The Fine Art of Couponing

Two years ago, after A1 was born, I decided to enter the wonderful world of couponing. We didn’t have a subscription to our local paper at the time, so I’d go to the store and buy the Sunday paper. There are days (especially now) that I don’t always have time to do this, so I started printing out coupons and perusing weekly fliers for deals.

Now that I’ve had plenty of practice, I’ve become quite the deal sealer and stealer. I’m in Pennsylvania, so I won’t mention the private stores I use (and one is a mom and pop, so it’s only in our city).

Here are my tips and tricks for saving some coin with coupons:

1. Get a weekend newspaper subscription. Getting a daily paper for a family on a single income is expensive. Even a six-month subscription is $75 here. The weekend subscription we have is a deal—three months for $25. An intern came to our house and offered this to us. Inquire in your neighborhood.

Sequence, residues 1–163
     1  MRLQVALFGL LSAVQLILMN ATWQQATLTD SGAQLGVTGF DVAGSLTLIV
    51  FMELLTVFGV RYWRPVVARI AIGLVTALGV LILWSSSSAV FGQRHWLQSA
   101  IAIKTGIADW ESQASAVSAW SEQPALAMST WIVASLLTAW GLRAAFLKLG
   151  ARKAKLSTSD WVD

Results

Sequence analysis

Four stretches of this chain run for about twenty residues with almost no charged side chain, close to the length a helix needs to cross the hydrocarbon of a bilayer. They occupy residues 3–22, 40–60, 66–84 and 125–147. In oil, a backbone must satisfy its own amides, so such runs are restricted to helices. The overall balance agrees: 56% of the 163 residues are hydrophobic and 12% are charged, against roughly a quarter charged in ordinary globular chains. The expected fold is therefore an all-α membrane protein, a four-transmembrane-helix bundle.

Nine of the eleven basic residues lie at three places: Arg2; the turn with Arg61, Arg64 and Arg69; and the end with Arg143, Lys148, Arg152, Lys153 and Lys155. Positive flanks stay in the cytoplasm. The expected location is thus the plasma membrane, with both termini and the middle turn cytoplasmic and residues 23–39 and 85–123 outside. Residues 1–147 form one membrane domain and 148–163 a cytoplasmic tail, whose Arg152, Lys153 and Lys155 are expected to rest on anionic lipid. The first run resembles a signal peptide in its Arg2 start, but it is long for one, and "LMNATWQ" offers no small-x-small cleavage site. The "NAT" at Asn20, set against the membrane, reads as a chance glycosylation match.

2. Buy the Sunday papers at the store. Buy at least three of them. Some of the neighboring Ohio publications are available, too.
3. Print coupons. My favorite coupon blog is Coupon Divas. It will teach you how to coupon, how to organize, give weekly match-ups (which allows you to align coupons with great deals, like BOGO items). It will also give you deal scenarios, store coupon policies, info about freebies (you heard it—free stuff), and much more. She even has links to the most popular sites to from which to print. They are also independent sites, and print the fliers you receive in the paper or your mailbox. These include:
4. Price match. Walmart is famous for this. Do it to your full advantage. Use fliers from private, independent stores and match those deals with Walmart prices. There are a few caveats, and the cashier will inform you of these. One of which is that the original (savings) price of a BOGO item, for example, must be listed in the flier you use. So, it will say, “A $4 savings!” If Walmart is offering the item at $2 BOGO, you just pocketed the extra two bucks. Use a self-scan register, and you can watch those savings go right down.
5. Get booklets from incentives programs. One of the most notorious is Pamper’s Gifts to Grow. I got a coupon booklet AND a free potty seat for A1 because of this. Proctor and Gamble (P&G) is including them in packages of diapers and training pants as well. Buy $12 packs of wipes (several—20-30, I will give a total after shopping day) save $25 on more diapers, wipes, and other household items. Sounds good to me.

Keep an eye out for more couponing tips!


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